Everyone did well through the 1990s!

Maybe you could have 30% more in your nest egg now?


T.



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Author: MurrayS Big red star, 1000 posts Old School Fool Add to my Favorite Fools Ignore this person (you won't see their posts anymore) Number: 39441 of 76418
Subject: Re: My Meeting with the AmEx guy Date: 2/25/2004 7:08 PM
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I agree with your husband, you should manage your money. It wouldn't hurt to talk to a investment advisor, but I think you have your financial plan in pretty good shape.

Just for fun, here is the exchange I had with my life insurance salesman a few years ago:

Insurance Salesman "...and we recommend that you get insurance equal to 6 times your salary which, according to what you've told me, is X."

Me "That seems a bit high."

IS "Well, you want to care for your loved ones, don't you?"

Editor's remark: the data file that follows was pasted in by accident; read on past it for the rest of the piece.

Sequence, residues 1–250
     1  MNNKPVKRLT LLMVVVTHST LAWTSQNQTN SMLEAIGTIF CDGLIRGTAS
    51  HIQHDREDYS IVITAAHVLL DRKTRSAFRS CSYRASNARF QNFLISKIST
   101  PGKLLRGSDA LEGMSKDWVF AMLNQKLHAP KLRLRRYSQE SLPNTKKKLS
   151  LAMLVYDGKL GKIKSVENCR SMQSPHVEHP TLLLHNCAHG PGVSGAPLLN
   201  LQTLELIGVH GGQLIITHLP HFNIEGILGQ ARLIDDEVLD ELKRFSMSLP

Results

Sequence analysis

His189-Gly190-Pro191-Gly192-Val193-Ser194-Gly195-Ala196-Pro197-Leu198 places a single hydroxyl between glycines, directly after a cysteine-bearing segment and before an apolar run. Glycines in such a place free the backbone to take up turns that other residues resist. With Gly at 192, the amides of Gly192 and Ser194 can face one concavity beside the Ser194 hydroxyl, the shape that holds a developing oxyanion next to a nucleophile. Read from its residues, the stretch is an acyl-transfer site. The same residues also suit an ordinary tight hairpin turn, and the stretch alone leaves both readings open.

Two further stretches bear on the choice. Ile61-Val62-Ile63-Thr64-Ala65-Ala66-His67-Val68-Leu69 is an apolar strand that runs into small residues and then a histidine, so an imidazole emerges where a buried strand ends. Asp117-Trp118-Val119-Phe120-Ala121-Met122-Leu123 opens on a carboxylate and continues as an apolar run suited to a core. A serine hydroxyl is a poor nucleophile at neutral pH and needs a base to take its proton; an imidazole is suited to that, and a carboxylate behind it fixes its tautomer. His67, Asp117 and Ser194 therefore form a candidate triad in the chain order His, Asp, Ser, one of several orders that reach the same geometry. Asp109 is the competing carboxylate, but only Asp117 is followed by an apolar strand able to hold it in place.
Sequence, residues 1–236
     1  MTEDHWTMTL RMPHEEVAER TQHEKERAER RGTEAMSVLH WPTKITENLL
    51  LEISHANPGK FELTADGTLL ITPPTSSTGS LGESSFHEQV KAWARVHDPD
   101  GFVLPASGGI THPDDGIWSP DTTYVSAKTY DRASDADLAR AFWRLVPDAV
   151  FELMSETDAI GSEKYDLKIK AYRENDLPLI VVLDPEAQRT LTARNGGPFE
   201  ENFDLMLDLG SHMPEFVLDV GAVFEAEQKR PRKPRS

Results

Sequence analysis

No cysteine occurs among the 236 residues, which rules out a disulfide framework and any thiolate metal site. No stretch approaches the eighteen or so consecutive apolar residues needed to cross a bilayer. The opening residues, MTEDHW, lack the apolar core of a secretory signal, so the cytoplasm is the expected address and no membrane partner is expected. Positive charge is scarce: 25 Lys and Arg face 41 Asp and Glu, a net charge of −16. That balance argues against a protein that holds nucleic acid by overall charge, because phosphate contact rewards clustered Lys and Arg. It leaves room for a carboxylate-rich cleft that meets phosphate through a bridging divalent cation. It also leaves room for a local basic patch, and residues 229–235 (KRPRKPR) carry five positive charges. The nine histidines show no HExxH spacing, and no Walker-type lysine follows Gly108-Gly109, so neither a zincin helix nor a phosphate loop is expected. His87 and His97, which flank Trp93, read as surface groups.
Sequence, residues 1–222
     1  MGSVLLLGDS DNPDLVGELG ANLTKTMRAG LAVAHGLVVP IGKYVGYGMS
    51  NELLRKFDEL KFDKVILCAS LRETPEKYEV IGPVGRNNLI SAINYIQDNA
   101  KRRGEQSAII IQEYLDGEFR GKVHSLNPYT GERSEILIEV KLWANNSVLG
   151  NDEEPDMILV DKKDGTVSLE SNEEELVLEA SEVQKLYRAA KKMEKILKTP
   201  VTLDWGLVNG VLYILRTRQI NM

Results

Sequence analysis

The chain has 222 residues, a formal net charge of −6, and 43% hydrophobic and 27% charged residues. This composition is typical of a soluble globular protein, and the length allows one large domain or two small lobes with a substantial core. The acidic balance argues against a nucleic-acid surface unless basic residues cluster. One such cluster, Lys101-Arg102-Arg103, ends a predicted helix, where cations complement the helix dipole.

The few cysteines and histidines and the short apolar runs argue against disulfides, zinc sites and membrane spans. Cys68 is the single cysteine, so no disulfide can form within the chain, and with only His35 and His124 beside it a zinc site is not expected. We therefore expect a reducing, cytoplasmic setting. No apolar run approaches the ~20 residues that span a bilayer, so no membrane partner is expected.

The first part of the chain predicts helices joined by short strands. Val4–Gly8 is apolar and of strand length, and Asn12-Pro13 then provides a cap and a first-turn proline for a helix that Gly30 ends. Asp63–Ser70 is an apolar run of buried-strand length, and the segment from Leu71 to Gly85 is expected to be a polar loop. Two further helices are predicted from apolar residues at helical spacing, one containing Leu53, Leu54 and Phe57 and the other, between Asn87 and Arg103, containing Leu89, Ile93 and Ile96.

Me "Yes I do. Just out of curiosity, how much insurance would you say Bill Gates needs."

IS "Bill Gates? He doesn't need life insurance!!"

Me "Why not?"

IS "Because he has a net worth in the billions!"

Me "You never asked what my net worth was, did you?"

IS silence


Of course I'm not worth billions, but just the same, insurance salesmen aren't trained to sell you what you need, they try to sell you more than you need.

-murray

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Author: TTRoberts Big red star, 1000 posts Old School Fool Add to my Favorite Fools Ignore this person (you won't see their posts anymore) Number: 39442 of 76418
Subject: Re: My Meeting with the AmEx guy Date: 2/25/2004 7:47 PM
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<< Of course I'm not worth billions, but just the same, insurance salesmen aren't trained to sell you what you need, they try to sell you more than you need. >>

This is simply and completely a false blanket statement.

I've been in the insurance industry for almost 30 years and have never in all the training classes I've had to attend seen or experienced that kind of training. Though I have seen training for methods that were too aggressive with tax law and/or not ethical and not acceptable to me.